The Dispossessed – Ursula K. Le Guin

The Dispossessed


A determined but awkward physicist from the anarchic communal world of Anarres returns to Urras, the sister planet from which his idealistic ancestors fled. Hoping to find freedom from tradition and habit, he finds a rich world with a host of flaws beneath the surface.


I came to Ursula Le Guin’s work, as did many, via Earthsea – light but deep YA fantasy. The Dispossessed is the other side of Le Guin – deep, dense, intellectual science fiction focused on social issues and human nature.

I hadn’t read this book for decades, but after spending what seemed an endless period in Phillip Jose Farmer’s adventure pulp Tiers series, I felt I owed myself something a little more thoughtful (and better written). The Dispossessed was a good fit.

I’m sure I got more out of the book this time around. I was young when I read it last, and I recall thinking it was well written and interesting, but slow. Then, I was a budding scientist. Now, I work on governance issues. But my first judgment is still correct – it is well written and interesting, but it is slow. It’s just that now I’m a little more patient, a little more interested in pondering, and I look at things from a different point of view.

The Dispossessed is a masterful thought experiment – to see how anarchy might work out in practice (not entirely anarchic) and how an established mostly-anarchic culture might interact with a mostly-capitalist one. Le Guin has done an excellent job with pretty dry material. There are no clear blacks or whites, though Shevek, the protagonist, is sympathetic and largely on the side of good. Le Guin acknowledges the shortcomings of both sides, and if she has a clear inclination toward one side, it’s not at such an angle that she can’t see the other. This is the kind of book that gives science fiction a good name – it’s intelligent and thoughtful, and it genuinely introduces and explores an idea.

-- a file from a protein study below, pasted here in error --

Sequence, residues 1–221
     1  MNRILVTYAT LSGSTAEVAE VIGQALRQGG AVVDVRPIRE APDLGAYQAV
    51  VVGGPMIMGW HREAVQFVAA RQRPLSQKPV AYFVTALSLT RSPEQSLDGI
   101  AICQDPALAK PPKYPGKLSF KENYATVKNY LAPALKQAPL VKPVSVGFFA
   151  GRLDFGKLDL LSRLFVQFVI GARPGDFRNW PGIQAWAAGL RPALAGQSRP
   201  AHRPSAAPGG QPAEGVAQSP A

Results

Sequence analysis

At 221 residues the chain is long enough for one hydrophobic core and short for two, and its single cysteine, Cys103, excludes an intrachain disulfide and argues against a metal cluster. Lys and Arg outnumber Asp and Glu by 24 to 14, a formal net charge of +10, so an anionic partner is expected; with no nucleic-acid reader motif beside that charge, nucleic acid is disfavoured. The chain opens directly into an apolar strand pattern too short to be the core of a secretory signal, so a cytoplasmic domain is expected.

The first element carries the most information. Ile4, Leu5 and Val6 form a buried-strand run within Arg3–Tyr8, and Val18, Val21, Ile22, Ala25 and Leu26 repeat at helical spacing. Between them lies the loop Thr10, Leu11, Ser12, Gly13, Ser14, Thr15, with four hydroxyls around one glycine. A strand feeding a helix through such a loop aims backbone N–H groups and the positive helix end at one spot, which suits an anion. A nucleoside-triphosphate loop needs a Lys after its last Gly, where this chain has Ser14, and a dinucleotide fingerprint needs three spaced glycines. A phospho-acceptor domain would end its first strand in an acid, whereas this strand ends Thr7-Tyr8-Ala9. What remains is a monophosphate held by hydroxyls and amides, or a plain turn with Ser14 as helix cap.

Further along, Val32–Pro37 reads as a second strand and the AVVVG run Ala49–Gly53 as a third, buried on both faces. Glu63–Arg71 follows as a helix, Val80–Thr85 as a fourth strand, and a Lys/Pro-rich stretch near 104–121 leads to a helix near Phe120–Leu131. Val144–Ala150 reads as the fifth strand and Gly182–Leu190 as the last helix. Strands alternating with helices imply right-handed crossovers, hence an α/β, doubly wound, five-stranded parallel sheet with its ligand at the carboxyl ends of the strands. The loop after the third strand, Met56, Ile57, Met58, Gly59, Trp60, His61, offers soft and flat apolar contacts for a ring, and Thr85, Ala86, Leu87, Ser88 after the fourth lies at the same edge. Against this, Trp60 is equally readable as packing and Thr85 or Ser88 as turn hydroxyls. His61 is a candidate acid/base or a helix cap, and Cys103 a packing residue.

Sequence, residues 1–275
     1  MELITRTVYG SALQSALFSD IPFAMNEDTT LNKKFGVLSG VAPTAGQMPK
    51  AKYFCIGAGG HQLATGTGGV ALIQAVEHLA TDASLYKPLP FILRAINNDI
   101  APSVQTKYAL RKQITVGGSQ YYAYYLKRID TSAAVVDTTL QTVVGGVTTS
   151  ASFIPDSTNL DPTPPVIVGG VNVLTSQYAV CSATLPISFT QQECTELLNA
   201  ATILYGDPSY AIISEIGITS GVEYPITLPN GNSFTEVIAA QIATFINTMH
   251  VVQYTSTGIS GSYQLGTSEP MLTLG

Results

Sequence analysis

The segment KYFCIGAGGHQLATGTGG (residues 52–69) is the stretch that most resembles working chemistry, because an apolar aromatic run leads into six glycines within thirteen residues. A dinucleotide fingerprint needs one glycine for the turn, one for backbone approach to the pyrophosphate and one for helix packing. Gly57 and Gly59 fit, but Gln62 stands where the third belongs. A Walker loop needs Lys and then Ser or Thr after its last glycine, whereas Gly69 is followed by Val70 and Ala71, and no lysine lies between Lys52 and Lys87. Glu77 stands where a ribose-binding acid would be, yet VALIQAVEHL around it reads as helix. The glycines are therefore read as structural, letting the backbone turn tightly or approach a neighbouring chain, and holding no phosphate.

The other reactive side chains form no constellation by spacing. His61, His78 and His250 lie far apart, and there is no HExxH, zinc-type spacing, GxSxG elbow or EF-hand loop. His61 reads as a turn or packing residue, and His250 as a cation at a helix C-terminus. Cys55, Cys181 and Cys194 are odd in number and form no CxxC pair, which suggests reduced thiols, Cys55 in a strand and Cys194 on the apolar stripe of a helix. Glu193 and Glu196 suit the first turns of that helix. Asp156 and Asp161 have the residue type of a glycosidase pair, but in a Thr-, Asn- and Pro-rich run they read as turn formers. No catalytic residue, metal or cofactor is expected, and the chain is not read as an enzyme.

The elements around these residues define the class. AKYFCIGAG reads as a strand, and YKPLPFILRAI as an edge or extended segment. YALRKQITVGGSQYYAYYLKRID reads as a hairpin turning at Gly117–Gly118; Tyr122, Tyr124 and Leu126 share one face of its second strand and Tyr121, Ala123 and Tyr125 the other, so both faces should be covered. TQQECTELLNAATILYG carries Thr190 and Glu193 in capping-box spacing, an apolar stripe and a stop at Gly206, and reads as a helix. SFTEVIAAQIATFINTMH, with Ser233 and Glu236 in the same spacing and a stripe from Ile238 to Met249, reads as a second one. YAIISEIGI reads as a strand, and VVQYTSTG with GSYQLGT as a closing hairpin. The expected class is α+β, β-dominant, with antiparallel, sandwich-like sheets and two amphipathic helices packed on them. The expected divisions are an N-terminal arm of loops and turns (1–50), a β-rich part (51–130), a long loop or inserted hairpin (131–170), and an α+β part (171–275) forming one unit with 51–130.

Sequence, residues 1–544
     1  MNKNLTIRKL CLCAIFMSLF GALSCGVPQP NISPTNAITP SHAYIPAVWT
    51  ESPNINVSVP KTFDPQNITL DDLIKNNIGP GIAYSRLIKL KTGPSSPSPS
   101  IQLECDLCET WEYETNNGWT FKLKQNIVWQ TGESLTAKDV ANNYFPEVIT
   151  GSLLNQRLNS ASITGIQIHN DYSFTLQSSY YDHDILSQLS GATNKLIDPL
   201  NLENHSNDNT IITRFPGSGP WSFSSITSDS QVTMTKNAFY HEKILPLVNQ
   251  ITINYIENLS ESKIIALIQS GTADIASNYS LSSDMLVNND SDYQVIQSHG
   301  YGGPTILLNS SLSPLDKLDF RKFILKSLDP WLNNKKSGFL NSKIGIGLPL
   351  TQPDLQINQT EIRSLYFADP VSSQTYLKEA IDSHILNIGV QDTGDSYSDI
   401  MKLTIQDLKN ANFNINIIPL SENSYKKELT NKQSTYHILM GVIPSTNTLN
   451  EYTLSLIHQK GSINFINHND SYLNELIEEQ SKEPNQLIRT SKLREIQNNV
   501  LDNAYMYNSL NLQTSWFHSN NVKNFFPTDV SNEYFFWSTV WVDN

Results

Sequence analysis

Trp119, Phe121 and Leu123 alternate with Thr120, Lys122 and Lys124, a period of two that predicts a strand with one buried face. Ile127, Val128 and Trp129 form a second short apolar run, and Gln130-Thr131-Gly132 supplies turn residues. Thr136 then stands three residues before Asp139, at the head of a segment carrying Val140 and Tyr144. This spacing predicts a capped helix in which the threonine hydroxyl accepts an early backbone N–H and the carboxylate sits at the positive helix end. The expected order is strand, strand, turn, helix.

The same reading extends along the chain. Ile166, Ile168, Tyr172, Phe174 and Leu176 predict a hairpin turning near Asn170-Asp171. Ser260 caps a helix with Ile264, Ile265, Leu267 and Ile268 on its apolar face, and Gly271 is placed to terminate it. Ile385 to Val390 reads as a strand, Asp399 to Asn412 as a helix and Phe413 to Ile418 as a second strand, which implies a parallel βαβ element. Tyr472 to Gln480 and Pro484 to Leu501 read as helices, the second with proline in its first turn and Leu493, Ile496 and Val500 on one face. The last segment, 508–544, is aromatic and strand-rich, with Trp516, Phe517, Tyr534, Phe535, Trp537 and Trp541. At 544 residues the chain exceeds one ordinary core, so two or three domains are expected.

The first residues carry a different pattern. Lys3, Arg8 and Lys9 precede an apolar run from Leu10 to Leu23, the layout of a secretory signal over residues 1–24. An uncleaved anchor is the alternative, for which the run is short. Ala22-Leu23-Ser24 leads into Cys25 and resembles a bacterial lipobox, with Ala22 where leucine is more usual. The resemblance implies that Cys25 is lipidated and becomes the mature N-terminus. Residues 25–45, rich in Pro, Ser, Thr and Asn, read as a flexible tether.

That’s not to say it’s all rainbows and puppies. As with Anarres, the anarchists’ world, it’s dusty and convoluted in places. Le Guin’s sequencing could do with clearer time stamps.The pace, as noted, is slow. And while she purports to set out a world in which gender is not determinative of role, she can’t quite get away from stereotypes. For a book written during the disruptive, freedom-seeking early ’70s, that’s disappointing. But it’s heavily outweighed by the strengths of the book.

Overall, The Dispossessed is a remarkable achievement, and well-deserving its status as a classic of science fiction. If you haven’t read it, you should – and not in the ‘Oh, it’s a dull classic, but I have to read it’ sense, but because it’s a genuinely good book. Just have some patience with it, and it will reward you.

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